Akira, trapped and safe!
After 14 months of living wild on the moors, Akira was trapped (again) and finally safe.
Akira, a Romanian rescue, came to the UK (Royton, Oldham) in May 2022. After a few weeks, in June, she escaped from the garden by scaling a 7 foot wall. We humanely trapped her a week later and she was returned home.
Akira would not settle and was very stressed living inside a house. She tried escaping from an upstairs open window and ran at a glass patio door to try to get out.
A couple of weeks later, in July 2022, she managed to escape again while with her owner in Shaw by freeing herself from a metal chain. She was tied to it inside the back of the car so when the boot was opened she couldn’t jump out. Her owner said that she had bitten through the metal chain link and when he opened the boot, she jumped out and bolted.
I set feed stations in the area where she had ran to and thermal scoped every day. Many places were not accessible by vehicle so everyday I would walk to each feed station equipped with lots of food. We postered the area and after several weeks of trying to track her everyday we came to a standstill. There had been about two sightings during the summer in 2022 and it was very difficult to find where she was. By this time I had covered the area with feed stations, moving them around every so often, until it was evident that she was no longer in the area, or even alive. We received a few hoax calls and some we had to follow up, which wasted valuable time.
From when she went missing in Shaw, July 2022, to today September 2023, where she was trapped in Milnrow, we had 6 sightings. With each sighting we would thermal scope the area, set feed stations with remote cameras, and poster the area. Sadly we found no evidence of her being in the areas. This included Smallbridge, Rochdale, Littleborough, Hollingworth Lake and Milnrow.
On the 24 August, 2023, we got the breakthrough that we so badly needed. Dave and Lynn, of Rakewood Rd near Hollingworth Lake, caught Akira on cctv in their garden. They sent some of the footage to us and I visited them to speak to them and to see all of the footage. There was no doubt, it was Akira! Still with her harness on that she had been wearing 14 months ago when she escaped. She looked well and even looked like she had put weight on since I last saw her. The harness was a real worry because it looked very tight on her and looked like it was eating into her flesh. Dave and Lynn was so very helpful. I left food with them which they put out in their garden every night for about 10 days. Sadly though, Akira didn’t appear again.
During this time, Akira was seen by Sammy, on a farm in Milnrow, on the other side of the motorway from Hollingworth Lake. This was 2 days after she had been caught on cctv. Sammy was able to take a photo without getting near her and so we had another confirmed sighting! Sammy had seen Akira before, in the past year, at the same place. I headed to the area and walked, finding the route that Akira would have very likely taken to get from Hollingworth Lake to Milnrow. The sighting on the farm in Milnrow was right at the side of the M62 which was a real worry.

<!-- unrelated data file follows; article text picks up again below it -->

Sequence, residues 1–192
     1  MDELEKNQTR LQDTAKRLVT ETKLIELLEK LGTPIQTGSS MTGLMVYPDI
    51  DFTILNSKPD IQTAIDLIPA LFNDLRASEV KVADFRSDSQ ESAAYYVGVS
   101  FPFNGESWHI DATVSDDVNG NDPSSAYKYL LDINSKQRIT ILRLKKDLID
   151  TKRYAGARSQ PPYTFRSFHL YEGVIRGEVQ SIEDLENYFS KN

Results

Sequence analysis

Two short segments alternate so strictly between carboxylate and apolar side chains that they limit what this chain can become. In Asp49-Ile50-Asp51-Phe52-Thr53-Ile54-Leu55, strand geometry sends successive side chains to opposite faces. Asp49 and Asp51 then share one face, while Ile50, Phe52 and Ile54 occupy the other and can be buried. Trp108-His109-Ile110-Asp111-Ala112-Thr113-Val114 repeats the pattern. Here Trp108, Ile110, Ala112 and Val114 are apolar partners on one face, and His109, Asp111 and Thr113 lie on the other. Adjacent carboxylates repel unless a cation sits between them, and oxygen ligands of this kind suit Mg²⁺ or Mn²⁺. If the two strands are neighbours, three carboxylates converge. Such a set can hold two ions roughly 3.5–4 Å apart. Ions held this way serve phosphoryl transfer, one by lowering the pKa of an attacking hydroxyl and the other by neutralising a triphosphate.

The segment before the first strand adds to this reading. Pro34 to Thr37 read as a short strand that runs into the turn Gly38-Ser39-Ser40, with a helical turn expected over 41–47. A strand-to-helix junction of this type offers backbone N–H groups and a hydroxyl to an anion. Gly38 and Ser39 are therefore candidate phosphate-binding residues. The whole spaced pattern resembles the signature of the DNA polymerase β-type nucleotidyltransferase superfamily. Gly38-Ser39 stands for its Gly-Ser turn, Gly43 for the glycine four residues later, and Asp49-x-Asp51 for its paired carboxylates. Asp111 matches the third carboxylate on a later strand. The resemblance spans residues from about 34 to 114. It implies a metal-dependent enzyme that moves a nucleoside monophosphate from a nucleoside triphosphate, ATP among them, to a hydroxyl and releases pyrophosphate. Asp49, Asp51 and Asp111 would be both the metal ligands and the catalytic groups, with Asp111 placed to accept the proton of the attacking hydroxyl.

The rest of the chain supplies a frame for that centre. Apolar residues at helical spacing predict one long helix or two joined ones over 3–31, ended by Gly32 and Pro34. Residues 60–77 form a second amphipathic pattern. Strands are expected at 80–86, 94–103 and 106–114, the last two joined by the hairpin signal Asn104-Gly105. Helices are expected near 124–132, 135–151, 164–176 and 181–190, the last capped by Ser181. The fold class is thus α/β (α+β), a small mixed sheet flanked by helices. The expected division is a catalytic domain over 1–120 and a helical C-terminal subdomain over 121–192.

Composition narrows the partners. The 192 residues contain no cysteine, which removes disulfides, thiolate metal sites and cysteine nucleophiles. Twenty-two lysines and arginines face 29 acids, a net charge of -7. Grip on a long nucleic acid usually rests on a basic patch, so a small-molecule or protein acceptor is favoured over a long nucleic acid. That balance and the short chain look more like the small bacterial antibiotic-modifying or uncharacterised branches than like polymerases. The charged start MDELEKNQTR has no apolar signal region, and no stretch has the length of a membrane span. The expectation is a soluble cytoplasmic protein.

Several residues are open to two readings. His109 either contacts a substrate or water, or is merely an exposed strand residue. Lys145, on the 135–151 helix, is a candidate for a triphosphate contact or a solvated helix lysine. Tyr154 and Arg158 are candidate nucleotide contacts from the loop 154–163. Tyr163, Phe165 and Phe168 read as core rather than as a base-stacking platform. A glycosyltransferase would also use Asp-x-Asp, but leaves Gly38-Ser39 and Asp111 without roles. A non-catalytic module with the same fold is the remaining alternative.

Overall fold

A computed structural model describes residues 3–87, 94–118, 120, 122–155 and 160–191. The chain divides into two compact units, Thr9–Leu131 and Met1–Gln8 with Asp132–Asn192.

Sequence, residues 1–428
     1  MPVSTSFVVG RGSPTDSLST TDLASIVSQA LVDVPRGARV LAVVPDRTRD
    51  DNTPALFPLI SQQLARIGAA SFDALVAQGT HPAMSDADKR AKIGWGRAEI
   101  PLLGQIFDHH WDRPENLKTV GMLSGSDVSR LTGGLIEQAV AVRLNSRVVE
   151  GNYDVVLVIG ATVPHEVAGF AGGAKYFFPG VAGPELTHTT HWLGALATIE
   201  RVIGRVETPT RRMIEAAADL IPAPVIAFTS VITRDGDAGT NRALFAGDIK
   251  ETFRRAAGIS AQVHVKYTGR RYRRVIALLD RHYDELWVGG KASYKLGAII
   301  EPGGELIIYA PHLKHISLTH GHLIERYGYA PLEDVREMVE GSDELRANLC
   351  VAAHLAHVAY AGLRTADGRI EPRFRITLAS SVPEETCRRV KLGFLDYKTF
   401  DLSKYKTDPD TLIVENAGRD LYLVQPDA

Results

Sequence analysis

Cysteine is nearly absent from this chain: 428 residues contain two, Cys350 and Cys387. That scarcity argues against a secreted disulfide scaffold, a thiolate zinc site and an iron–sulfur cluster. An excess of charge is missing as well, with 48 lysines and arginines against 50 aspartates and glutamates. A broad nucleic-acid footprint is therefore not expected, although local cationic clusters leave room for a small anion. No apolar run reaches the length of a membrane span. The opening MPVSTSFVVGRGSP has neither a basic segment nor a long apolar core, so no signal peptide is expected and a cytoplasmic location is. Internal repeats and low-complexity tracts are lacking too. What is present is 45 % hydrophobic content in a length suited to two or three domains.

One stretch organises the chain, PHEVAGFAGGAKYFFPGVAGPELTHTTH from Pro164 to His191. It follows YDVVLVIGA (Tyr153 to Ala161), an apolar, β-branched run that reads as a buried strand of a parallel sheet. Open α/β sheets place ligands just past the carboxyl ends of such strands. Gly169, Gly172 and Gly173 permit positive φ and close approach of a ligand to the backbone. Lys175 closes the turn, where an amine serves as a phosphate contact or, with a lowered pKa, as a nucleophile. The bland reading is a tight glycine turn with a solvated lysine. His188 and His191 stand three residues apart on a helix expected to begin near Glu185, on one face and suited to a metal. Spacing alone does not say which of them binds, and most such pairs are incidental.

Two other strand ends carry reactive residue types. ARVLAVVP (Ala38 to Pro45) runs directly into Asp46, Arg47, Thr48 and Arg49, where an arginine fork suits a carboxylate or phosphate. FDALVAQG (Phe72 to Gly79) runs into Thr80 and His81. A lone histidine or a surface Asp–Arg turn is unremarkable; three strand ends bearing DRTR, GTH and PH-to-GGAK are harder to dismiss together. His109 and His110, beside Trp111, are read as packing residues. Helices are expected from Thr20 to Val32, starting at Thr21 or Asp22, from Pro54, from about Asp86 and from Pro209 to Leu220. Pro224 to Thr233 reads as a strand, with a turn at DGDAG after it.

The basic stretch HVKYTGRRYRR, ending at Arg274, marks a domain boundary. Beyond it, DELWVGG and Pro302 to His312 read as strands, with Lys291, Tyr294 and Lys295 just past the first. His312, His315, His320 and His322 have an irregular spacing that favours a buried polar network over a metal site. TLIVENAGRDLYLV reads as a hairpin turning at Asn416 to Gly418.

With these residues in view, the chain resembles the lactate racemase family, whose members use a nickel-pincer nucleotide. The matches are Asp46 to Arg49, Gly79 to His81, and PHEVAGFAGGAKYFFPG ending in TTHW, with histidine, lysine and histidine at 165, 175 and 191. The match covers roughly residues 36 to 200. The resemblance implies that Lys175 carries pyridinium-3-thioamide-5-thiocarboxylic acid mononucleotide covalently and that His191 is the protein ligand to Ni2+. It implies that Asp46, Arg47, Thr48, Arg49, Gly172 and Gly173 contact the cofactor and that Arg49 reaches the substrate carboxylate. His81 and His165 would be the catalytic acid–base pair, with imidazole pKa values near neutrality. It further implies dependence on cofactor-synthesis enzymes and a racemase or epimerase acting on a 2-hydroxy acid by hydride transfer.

I arranged to visit the farm where Akira had been seen in Milnrow and eventually got permission to place a feed station and remote camera there. When I visited, I found many old and fresh bones on a certain part of the farm. It seemed that I had found Akira’s food source. There were bins there which was obvious that that was where she was getting these bones.
I was not allowed access to the farm after I had set up the feed station but Sammy, who keeps her horse on there, was allowed to replenish the food every evening. I think that I drove Sammy slightly mad with my constant messages and phone calls, asking her to reposition a camera or to increase the amount of food. That first night, Sunday 3 September, beautiful, clever Akira showed herself on camera! I can’t begin to tell you how happy and excited we were to finally have her eating at our feed station on camera.
Akira turned up twice during the night, and continued like this for the next two nights. On Wednesday, 3 days later, the farm began cutting the grass and baling. They worked into the evening and finished late at around 10pm. Sadly, Akira did not turn up that night.
To our relief, she appeared again the following night, on Thursday, at midnight then at 3am. She had a preference for the tinned sardines and each time she fed on camera, she wouldn’t eat much. We believed that not only did she have her original food source with the bones and carcasses on the farm, she had a good supply of food left from daily visitors to Hollingworth Lake. This was a worry for us because in order to humanely trap her, we needed her to be at least slightly hungry.
With having Akira on remote camera footage we were able to observe her closely. Her harness had moved to the side and she had gotten a leg out at some point. This made it even tighter on her and she looked very uncomfortable to say the least. It seemed to be particularly tight and looked to be cutting into her skin especially on her neck and stomach (it was a 3-point harness).